Want to Save the Environment? Eat this Water Bottle

b_250_0_16777215_00_images_obgrabber_2014-04_90b733dece.jpgRodrigo García González (LONDON) -- A new edible water bottle may be an environmentally-friendly solution to the millions of plastic bottles that clog America’s landfills each year. Invented by the same team at London’s Imperial College that came up with Hop! -- the robo-suitcase that follows around its owner -- the Ooho water bottle borrows from the culinary process of spherification to form a gelatinous membrane around a frozen liquid.

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Many Cancer Survivors Also Struggle with Unemployment

b_250_0_16777215_00_images_obgrabber_2014-04_a977d67f0d.jpgiStock/Thinkstock (ANN ARBOR, Mich.) -- Winning the battle against breast cancer often results in survivors struggling to regain their careers. New research published Sunday in the journal Cancer shows that nearly one-third of breast cancer survivors remain unemployed four years after treatment, with the highest unemployment rates among those who received chemotherapy.

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Young Children Consume Too Much Saturated Fat and Sodium

b_250_0_16777215_00_images_obgrabber_2014-04_27f04c3785.jpgmoodboard/Thinkstock (NEW YORK) -- You are what you eat...even when you’re a two-year-old. The results of a new study show that consumption of specific foods such as cheese, whole milk, hot dogs, bacon and cookies by young children is leading to an excessive intake of saturated fat and sodium in their daily diets.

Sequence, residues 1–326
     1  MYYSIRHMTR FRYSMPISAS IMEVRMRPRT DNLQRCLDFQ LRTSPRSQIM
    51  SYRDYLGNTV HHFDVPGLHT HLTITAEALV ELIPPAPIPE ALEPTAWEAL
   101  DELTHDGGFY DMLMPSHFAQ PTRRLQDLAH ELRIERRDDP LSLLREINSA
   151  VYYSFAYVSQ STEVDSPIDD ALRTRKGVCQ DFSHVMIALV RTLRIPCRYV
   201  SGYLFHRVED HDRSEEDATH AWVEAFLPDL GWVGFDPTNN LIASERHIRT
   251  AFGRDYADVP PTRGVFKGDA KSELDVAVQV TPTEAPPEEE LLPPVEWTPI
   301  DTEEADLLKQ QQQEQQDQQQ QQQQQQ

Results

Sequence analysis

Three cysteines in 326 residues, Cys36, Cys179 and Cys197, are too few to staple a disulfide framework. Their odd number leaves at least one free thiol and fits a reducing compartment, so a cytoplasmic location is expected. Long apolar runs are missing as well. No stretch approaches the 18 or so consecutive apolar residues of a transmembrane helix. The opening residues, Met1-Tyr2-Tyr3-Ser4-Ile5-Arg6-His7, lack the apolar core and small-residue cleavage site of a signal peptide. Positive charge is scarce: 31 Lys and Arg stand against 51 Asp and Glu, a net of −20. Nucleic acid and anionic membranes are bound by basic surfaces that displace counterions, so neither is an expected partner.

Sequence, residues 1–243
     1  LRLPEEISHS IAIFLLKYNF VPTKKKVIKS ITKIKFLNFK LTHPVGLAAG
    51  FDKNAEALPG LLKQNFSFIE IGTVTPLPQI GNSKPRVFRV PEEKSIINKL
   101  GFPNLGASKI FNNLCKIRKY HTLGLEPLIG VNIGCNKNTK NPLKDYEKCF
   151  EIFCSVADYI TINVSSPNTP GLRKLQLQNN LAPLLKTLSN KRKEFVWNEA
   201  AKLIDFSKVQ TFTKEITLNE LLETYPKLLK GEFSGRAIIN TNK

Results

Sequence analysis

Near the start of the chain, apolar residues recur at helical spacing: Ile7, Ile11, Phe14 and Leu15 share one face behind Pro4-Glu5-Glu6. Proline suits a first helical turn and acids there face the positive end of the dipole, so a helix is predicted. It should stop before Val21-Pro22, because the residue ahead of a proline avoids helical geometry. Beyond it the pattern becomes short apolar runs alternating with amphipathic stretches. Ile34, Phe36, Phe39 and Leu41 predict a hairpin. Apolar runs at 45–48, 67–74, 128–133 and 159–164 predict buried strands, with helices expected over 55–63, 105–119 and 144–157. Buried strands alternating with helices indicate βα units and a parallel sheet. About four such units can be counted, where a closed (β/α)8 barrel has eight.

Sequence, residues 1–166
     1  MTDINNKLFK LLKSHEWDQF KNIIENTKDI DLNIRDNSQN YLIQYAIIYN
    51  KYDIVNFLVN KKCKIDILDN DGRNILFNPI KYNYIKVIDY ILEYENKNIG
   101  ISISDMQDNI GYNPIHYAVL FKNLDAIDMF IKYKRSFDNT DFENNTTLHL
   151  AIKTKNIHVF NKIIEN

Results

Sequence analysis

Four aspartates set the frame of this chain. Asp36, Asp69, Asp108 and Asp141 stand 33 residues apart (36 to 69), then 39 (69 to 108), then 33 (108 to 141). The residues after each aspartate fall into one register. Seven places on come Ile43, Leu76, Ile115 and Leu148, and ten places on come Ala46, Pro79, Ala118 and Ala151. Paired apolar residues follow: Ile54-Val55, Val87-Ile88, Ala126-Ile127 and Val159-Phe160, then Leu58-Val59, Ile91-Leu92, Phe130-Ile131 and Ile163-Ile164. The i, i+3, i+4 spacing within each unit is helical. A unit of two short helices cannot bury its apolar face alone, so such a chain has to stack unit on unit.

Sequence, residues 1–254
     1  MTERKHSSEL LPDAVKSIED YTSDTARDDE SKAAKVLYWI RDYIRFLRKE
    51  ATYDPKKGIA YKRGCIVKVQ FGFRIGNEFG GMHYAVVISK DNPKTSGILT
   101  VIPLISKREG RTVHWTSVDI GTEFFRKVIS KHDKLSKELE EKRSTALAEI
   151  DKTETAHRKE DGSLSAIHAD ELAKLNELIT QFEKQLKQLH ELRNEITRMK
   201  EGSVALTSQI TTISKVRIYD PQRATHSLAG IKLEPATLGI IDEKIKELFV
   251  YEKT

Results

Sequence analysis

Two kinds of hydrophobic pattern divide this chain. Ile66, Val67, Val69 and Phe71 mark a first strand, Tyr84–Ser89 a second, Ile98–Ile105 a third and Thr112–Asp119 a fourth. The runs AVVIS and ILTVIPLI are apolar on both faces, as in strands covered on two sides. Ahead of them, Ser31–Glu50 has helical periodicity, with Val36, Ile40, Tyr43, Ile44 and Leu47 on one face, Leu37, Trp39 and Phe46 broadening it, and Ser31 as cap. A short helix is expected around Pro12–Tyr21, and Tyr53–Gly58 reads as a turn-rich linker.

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SARS-Like MERS Virus Spreads to New Countries

b_250_0_16777215_00_images_obgrabber_2014-04_38d00ca463.jpgCreatas Images/Thinkstock (NEW YORK) --  Cases of the MERS Coronavirus have significantly increased in the last few months, and in recent weeks there have been reports of the virus in new countries including Egypt, Malaysia, the Philippines, and Indonesia, leaving officials struggling to figure out why infections have increased. The MERS Coronavirus, which stands for Middle Eastern Respiratory Coronavirus, was first identified in late 2012 and causes acute respiratory illness, shortness of breath and in severe cases kidney failure.

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Statin Users May Treat Pill as Free Pass to Unhealthy Eating

b_250_0_16777215_00_images_obgrabber_2014-04_789979e66a.jpgiStockphoto/Thinkstock (NEW YORK) -- People who take statins to reduce their cholesterol levels may be lulling themselves into a false sense of security in terms of what they can safely eat. According to a study published on the Journal of American Medicine Internal Medicine website, statin users in 2009-2010 took in nearly 10 percent more calories per day than statin users 10 years earlier. The study was led by researchers at the University of California-Los Angeles.

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